The makeup of the Silk Road varies from time to time. This time there were fourteen performers and a variety of instruments. In addition to Yo Yo Ma on cello, there were a bass viol player, two violinists, a violist, a vocalist, and players of instruments from cultures other than European or American. There were several kinds of drums, including the tabla from India; the daf, a Persian drum that looks a bit like the Irish bodhran; and a few others. There was a duduk, a small wooden instrument with double reeds, which Ma described as the soul of Armenian folk music. I saw an instrument that I thought was from India. It was a tar, a plucked instrument akin to the lute, with a long neck and two gourds joined together for the body. Different variants of the tar are played in Iran (Persia); Caucasian countries, including Armenia and Azerbaijan; and Central Asian states, including Tajikistan. I also saw a small instrument that looked like a bowed lute, which was held vertically in the lap. This was a kamancheh, an instrument whose use dates back to ancient Persia. I recognized a pipa, a Chinese traditional instrument resembling a large lute, which is also held vertically in the lap and played with finger picks like those used in playing guitar and banjo. Just having all these instruments on stage at the same time was an impressive pancultural event.
The first piece the ensemble played was the Silk Road Suite, comprised of tunes from Iran and China. (Music, like politics, can make strange bedfellows.)
Next was collection of folk songs from Armenia and Azerbaijan which I found very moving. There must have been many Armenians in the audience because there was a lot of applause whenever Ma spoke the word “Armenian.” The musicians were seated on a low couch with huge pillows covered with what appeared to be silk. The scene reminded me of the Arabian Nights. One of the songs was written/collected by an Armenian ethnomusicologist who survived the attempted genocide of Armenians by Turks in 1915. (Three quarters of the Armenian population was killed at that time.) The songs were very poignant. It was obvious that the singer was giving a dramatic narrative but I have no idea what he was saying. At times he had one hand cupped over his ear while he gesticulated almost violently with his other hand, fist clenched, raised over his head. I had the feeling that he was saying something like, “My god, why hast thou forsaken me?” The sound of the violins suggested to me the wind sighing through the trees and a longing to be free. The sound of the duduk was especially evocative and beautiful to me. It lifted me up and away. It is no wonder that it is considered the soul of the Armenian people.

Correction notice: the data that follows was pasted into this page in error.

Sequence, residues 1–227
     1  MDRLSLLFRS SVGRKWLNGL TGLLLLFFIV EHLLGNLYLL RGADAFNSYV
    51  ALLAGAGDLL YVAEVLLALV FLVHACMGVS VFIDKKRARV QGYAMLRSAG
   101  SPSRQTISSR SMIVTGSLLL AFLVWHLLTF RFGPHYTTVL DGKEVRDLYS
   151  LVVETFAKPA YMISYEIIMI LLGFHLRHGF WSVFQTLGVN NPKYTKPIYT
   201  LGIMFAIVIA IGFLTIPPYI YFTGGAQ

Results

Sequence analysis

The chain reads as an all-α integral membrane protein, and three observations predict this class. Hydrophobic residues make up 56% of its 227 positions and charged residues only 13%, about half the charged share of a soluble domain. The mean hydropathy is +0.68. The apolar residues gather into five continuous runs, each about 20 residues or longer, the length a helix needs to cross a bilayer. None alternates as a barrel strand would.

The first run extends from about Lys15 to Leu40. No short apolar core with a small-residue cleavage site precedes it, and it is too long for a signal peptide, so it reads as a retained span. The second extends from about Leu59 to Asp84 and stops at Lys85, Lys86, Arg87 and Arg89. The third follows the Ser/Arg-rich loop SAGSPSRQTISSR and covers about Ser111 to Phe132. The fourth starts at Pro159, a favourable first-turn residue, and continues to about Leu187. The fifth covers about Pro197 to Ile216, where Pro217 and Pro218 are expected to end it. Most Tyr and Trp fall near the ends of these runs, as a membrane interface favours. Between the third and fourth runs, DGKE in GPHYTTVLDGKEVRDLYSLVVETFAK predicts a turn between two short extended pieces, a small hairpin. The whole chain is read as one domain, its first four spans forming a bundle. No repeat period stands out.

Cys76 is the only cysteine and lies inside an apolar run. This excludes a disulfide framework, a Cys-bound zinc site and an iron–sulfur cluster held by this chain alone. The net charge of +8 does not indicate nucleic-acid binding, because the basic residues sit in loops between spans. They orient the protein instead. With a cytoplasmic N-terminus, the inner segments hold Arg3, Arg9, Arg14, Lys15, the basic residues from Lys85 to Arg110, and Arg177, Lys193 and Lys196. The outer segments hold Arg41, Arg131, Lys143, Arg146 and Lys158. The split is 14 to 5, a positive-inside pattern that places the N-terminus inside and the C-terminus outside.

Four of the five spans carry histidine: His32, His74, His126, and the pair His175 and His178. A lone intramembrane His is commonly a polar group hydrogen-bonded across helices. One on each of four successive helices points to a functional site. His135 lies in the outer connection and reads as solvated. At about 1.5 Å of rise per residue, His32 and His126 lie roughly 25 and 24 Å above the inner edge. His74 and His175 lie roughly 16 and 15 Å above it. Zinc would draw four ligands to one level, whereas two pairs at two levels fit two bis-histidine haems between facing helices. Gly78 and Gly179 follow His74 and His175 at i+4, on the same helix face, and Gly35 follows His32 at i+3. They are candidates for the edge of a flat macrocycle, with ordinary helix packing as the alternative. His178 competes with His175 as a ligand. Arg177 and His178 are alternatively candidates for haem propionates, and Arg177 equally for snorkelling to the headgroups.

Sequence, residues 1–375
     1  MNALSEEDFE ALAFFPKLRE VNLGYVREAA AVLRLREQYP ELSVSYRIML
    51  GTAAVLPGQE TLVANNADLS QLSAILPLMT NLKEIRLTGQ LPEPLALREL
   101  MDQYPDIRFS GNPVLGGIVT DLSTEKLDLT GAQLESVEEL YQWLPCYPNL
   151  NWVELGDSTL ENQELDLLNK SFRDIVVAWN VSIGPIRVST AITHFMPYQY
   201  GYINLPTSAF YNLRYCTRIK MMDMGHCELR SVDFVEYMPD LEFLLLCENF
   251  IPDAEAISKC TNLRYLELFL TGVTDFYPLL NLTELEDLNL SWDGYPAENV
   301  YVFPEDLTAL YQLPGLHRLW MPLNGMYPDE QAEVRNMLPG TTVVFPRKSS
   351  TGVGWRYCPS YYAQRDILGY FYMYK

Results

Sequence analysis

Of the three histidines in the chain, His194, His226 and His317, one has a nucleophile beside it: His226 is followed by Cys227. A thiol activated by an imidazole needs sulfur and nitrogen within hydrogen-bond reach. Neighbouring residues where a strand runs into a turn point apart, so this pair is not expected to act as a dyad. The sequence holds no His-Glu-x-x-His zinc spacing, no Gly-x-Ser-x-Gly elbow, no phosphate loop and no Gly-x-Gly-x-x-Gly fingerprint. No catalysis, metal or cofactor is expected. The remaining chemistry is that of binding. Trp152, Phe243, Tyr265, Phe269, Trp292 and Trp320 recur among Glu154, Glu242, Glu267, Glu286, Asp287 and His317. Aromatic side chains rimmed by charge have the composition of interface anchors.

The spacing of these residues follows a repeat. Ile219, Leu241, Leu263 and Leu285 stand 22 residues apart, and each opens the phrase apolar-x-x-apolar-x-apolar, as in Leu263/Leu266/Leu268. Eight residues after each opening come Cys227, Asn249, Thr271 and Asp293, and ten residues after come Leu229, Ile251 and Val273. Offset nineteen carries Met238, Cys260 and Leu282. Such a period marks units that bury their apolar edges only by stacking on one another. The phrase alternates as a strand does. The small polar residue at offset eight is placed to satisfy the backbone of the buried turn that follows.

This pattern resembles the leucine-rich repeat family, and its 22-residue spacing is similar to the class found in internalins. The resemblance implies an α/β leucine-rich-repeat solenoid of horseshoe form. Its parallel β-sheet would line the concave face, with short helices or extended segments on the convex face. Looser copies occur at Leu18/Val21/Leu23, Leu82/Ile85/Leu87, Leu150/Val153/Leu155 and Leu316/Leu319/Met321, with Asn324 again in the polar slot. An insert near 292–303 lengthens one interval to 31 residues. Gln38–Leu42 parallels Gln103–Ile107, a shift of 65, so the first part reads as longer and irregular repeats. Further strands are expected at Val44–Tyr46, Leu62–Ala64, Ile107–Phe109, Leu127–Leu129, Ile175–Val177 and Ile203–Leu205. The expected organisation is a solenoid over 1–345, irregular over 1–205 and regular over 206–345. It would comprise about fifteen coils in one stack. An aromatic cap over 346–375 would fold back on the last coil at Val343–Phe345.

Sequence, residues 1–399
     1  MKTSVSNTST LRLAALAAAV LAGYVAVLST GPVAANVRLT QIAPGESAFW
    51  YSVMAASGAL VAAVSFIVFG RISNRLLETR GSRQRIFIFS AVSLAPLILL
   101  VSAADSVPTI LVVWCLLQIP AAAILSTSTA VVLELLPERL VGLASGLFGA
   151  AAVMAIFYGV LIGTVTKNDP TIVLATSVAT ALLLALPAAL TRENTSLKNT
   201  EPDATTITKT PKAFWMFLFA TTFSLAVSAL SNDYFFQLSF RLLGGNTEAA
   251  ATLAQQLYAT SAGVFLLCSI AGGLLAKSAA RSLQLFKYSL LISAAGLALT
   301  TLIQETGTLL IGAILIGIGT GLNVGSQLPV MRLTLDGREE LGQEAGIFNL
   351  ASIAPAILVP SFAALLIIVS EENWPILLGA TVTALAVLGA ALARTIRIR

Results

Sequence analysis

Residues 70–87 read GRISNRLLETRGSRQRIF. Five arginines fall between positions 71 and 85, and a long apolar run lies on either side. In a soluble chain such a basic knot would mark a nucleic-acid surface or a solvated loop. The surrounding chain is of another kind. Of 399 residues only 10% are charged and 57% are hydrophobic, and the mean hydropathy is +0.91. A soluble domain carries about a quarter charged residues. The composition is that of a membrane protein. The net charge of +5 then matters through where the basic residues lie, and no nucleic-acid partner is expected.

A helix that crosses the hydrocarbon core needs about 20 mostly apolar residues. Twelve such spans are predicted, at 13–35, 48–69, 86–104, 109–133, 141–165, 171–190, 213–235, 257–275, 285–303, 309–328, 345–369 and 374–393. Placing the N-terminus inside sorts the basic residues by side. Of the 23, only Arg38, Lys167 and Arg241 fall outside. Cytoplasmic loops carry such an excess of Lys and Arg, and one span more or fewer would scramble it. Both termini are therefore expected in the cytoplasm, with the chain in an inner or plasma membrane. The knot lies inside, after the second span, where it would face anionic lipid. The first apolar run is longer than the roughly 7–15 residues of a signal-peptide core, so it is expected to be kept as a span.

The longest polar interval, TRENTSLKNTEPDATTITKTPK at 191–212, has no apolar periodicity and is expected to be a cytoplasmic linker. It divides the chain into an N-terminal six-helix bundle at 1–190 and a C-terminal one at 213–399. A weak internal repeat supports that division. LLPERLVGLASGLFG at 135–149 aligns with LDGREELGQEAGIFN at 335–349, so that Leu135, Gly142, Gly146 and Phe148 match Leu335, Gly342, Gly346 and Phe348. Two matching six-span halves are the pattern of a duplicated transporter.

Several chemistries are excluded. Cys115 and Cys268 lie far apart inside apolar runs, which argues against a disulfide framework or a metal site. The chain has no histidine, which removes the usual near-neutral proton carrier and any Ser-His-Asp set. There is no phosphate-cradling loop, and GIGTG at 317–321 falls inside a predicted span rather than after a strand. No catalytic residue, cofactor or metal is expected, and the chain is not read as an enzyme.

There followed a total change of pace, an improvisational set played on four different non-Western drums, cello, two violins, viola, and string bass. The rhythms, like many in Indian traditional music were amazingly complex. Some were played in six and others in sixteen. It blew my mind that anyone could improvise in six and sixteen, and they did it so well. I felt like getting up from my seat and dancing, as the audience once did at a Paul Simon concert I attended.
Another suite consisted of songs from the gypsies who migrated westward from north central India through Persia, Turkey, and Eastern Europe. They were enslaved and persecuted mercilessly for centuries. The music of the gypsy Diaspora includes strains from many different cultures. The Ensemble played some sweet, wild music from what are now Turkey, Romania, and Hungary. I especially loved the latter two. It sounded to me like gypsy dance music and also like Gershwin jazz as played on the violins.
The whole ensemble got together for an encore in which they jammed on a melody from Turkey. The musician who introduced it said, “We like to think that, if our ancestors had met around a watering hole, they might have sounded like this.” I was so happy that I heard it in my own lifetime.
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